Greatness and Drive

Posted on in Todd Talks by Todd Johnson

I watched a program over the weekend that attempted to analyze what made the greatest athletes so great. It was very interesting to hear the athletes talk about what they felt set them apart from their peers.

From the outside, we tend to think that the Great Ones are so great because they were pushed hard, worked on their craft exclusively from a young age, had access to trainers and superior equipment, or maybe just had greatness in their genes. But according to the G.O.A.T.s (Greatest of All Time), none of this is accurate.

The athletes highlighted in this program (Jerry Rice, Wayne Gretzky, and Pelé) all cited their drive and intense desire to win as what has set them apart. And the arguments they made are compelling. Today, across the sports world, and most assuredly the business world as well, there are people poring over stats and reems of data points looking for the next Great One. An example of this that I am familiar with is the NFL Combine. This event, held every year between the college and NFL seasons, is where all the draft hopefuls run through drill after drill and even complete written exams and interviews. Scouts and executives from every team use these tactics to try and find the next player who will transcend all their predecessors and, in the process, make the people that chose them look smart.

The problem with this data-driven approach is that there are factors that cannot be picked up on during drills or interviews. Jerry Rice, for example, was never considered fast, especially for a wide receiver. He knew that, but he said he had “football speed,” which really meant that since he knew there were players who were faster than he was, he had to run perfect routes. He famously ran great routes and created separation from much faster players. Wayne Gretzky said during this program that friends would call and ask if he wanted to go to a movie or something, and he would often tell them no. Why? Because he wanted to shoot pucks in his backyard for hours. No one made him do that. He simply enjoyed it and wanted to do it. He said he didn’t have the fastest shot and couldn’t skate the fastest, but he had the most accurate shot. He also said he created his own research into where pucks traveled during games. As a kid, he would sit in front of his family’s TV with a piece of paper while watching hockey. Without looking down at the paper, he would trace the path of the puck for the entire game to see if he could spot opportunities where others didn’t see them. Indeed, he found them. Often.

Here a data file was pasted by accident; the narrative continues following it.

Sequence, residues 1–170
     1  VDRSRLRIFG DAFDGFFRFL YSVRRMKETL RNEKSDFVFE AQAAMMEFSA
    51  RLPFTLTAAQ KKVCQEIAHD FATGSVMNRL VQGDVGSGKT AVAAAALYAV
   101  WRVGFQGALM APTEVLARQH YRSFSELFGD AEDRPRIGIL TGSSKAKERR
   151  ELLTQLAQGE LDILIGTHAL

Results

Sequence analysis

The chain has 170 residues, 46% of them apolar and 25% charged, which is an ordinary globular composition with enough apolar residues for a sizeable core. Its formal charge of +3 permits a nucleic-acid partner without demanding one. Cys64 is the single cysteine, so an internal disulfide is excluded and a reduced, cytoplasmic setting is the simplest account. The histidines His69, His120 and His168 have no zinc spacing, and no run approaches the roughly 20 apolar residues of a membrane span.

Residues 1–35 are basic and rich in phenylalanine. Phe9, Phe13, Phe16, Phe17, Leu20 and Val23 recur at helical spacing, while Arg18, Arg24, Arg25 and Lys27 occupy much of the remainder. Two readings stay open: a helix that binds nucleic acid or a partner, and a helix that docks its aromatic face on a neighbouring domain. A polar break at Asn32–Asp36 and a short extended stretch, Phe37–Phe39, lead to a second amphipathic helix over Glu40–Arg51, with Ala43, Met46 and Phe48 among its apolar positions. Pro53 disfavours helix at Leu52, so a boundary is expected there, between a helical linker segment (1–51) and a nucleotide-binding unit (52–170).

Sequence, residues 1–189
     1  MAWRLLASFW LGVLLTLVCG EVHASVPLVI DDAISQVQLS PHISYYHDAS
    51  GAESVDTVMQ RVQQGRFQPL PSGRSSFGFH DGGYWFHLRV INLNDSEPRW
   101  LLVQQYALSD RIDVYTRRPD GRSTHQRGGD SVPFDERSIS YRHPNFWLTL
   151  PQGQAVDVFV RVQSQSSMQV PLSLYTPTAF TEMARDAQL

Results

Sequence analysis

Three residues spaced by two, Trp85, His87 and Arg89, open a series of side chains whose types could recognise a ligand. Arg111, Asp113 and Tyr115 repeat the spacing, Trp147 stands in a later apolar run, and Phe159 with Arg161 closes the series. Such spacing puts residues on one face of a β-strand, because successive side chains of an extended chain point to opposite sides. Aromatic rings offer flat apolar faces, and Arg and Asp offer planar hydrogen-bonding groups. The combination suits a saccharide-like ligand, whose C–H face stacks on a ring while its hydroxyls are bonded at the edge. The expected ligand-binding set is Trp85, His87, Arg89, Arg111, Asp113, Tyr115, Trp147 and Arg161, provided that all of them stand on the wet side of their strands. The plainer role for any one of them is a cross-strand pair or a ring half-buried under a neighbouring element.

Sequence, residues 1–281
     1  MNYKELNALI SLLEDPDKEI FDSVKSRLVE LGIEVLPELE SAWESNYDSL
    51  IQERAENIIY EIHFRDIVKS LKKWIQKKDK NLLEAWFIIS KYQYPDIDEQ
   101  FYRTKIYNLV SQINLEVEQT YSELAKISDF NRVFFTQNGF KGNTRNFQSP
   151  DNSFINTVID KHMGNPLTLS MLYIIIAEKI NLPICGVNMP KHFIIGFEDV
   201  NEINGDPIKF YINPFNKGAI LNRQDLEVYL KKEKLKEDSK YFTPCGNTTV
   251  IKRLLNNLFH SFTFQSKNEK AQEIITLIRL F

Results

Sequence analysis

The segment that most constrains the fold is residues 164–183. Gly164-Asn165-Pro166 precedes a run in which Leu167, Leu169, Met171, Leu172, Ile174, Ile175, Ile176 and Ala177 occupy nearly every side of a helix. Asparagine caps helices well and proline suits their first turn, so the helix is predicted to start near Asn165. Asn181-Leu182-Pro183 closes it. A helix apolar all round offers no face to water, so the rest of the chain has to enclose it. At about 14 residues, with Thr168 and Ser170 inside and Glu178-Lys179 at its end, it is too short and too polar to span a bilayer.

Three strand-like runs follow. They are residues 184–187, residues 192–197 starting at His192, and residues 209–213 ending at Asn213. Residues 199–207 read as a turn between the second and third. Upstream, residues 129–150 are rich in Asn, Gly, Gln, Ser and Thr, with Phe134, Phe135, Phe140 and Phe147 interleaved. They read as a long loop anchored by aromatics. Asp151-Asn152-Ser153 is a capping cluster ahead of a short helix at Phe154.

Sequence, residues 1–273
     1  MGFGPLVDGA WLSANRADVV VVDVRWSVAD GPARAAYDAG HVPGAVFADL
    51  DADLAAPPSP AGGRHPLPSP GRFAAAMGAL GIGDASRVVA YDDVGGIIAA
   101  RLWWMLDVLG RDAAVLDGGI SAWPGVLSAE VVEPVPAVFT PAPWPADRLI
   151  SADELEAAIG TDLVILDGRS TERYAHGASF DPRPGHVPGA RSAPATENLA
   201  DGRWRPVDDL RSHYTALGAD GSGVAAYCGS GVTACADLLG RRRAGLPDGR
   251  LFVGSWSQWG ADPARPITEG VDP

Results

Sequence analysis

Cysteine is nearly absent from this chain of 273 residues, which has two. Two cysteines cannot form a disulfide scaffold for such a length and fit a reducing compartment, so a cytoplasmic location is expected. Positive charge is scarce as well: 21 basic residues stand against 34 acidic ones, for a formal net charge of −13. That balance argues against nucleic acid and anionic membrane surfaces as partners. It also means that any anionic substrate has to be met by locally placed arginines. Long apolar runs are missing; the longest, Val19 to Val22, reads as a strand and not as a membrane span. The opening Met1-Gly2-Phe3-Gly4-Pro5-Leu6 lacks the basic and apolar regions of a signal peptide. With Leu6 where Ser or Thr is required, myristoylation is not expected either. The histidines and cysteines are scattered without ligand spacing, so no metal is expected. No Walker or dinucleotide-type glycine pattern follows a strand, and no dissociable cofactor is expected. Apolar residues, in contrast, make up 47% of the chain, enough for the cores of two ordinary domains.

Another thing these G.O.A.T athletes attributed to their success was contrary to what most people assume. It’s been said that if you want to master a sport, you need to have a singular focus. You focus solely on that sport. But these players disagreed. They played as many sports as they could. Gretzky said that once hockey season was over, his gear went into the basement, and he was playing the next sport. Rice didn’t even play football until his junior year of high school. The players said this helped them improvise and be more creative. Pelé grew up very poor and played soccer with stuffed socks or balled-up newspapers. As a teen, he started playing against adults in indoor leagues that played on a smaller pitch than the traditional outdoor game. Pelé credits this with forcing him to play faster and make quicker decisions.

I think the lesson to be learned is that we shouldn’t pigeonhole anyone or let anyone determine our success based on sets of data or prototypical measurements. The most important factors in our greatness are drive and effort. Become an expert in your field, and you, too, can become a G.O.A.T.